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Photo: Vivien Killilea/Getty Images

Target on Wednesday announced that it will acquire Shipt, an Alabama-based same-day delivery startup, for $550 million in cash.

Bottom line: This is about playing defense against Amazon.

Target says that it expects to offer same-day delivery services at around half of its stores by early 2018 and at a majority of its stores by the 2018 holiday season. Full deployment across all major product categories would come by the end of 2019.

Shipt had raised around $65 million in venture capital funding from firms like Greycroft Partners, e.ventures, and Harbert Venture Partners. The Birmingham, Ala.-based company currently has a network of more than 20,000 personal shoppers in 72 markets, and will continue to run independently.

Some additional color from Ian Sigalow, a Greycroft partner and Shipt director:

  • Target CEO Brian Cornell flew down to Birmingham and did a test drive with a Shipt delivery person.
  • Expect Target to particularly leverage Shipt when it comes to fresh food offerings, as Shipt currently focuses on grocery.
  • The original conversations between Target and Shipt were about a business partnership.

[Note: Greycroft Partners is an investor in Axios]

Go deeper

Dan Primack, author of Pro Rata
24 mins ago - Economy & Business

Trump blocks banks from limiting loans to gun and oil companies

Illustration: Sarah Grillo/Axios

Big banks are no longer allowed to reject business loan applicants because of the industry in which they operate, according to a new rule finalized on Thursday by the Trump administration.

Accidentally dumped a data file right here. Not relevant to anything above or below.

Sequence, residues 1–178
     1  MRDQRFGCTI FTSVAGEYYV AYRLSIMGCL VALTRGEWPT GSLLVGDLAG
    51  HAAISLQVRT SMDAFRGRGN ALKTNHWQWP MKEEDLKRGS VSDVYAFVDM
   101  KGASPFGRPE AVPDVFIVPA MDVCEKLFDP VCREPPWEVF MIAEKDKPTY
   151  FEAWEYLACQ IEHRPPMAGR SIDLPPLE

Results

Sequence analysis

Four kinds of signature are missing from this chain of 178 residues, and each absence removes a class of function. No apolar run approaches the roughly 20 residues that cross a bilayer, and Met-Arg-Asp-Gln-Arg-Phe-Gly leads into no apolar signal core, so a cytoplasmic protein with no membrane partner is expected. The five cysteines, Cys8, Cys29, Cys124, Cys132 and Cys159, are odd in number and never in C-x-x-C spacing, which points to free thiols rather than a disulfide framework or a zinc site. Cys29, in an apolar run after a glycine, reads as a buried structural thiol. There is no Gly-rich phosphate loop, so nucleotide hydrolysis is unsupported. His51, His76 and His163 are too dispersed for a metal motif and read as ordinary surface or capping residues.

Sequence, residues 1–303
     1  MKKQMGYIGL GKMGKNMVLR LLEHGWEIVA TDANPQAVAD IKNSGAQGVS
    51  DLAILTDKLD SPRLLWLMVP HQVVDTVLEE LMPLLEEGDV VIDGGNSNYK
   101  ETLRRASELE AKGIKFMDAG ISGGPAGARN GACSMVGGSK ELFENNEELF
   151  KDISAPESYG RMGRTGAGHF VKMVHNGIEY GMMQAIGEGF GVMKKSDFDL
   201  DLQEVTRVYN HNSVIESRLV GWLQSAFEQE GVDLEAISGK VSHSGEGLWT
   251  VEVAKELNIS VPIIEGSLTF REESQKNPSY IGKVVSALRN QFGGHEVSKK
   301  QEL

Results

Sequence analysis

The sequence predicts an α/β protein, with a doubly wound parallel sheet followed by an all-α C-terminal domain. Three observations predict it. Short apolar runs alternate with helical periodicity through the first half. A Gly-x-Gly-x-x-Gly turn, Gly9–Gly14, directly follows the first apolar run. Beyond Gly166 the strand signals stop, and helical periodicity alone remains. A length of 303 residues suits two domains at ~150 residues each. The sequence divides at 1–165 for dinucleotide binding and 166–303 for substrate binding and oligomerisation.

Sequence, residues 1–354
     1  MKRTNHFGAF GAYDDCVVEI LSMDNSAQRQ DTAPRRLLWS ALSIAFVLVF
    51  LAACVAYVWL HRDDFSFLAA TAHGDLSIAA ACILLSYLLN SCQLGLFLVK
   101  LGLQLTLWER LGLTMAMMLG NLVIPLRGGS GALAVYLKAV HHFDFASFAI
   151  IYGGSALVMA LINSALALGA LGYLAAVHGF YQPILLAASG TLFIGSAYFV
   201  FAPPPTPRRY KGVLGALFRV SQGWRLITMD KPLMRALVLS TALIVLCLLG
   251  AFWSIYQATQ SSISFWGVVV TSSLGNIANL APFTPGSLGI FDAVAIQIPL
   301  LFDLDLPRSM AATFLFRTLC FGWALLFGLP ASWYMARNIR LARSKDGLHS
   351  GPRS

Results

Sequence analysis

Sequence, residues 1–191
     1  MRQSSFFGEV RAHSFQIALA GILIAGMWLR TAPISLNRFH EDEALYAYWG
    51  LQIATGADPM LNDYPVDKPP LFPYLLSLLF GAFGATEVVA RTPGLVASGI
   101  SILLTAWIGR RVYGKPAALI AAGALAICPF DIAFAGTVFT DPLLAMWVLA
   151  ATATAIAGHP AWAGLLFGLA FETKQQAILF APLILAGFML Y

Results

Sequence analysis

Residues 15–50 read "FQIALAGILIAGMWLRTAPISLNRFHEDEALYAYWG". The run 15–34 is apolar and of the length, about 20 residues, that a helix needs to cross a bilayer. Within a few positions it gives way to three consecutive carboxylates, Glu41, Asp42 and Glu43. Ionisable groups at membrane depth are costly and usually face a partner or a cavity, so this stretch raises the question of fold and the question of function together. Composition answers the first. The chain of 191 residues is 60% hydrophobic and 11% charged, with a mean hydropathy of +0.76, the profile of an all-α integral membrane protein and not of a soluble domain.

Why it matters: Wall Street has curtailed its exposure to industries like guns, oil and private prisons, driven by both public and shareholder pressures. This new rule could reverse that trend.

Former FDA commissioner: "Reliable drug supply is absolutely critical"

Axios' Caitlin Owens and former FDA commissioner Mark McClellan. Photo courtesy of Axios Events

Having a reliable supply of pharmaceutical drugs throughout America will be "absolutely critical" to boosting affordability in health care during the Biden administration, former Food and Drug Administration (FDA) commissioner Mark McClellan said at a virtual Axios Event on Friday.

The big picture: McClellan, who served under President George W. Bush, says drugs having limited supply and limited competition leads to elevated pricing. He considers drug supply to be a national security and public health issue.

Felix Salmon, author of Capital
3 hours ago - Economy & Business

Americans are still spending money

Source: Census Bureau; Chart: Axios Visuals

Americans spent more money at stores and restaurants in 2020 than they did in 2019 — even in the face of a devastating global pandemic that shut down broad sectors of the economy.

Why it matters: The monthly retail sales report this morning came in well below expectations, and showed consumer spending falling on a seasonally-adjusted basis. Total expenditures were still higher in December 2020 than they were a year previously, however.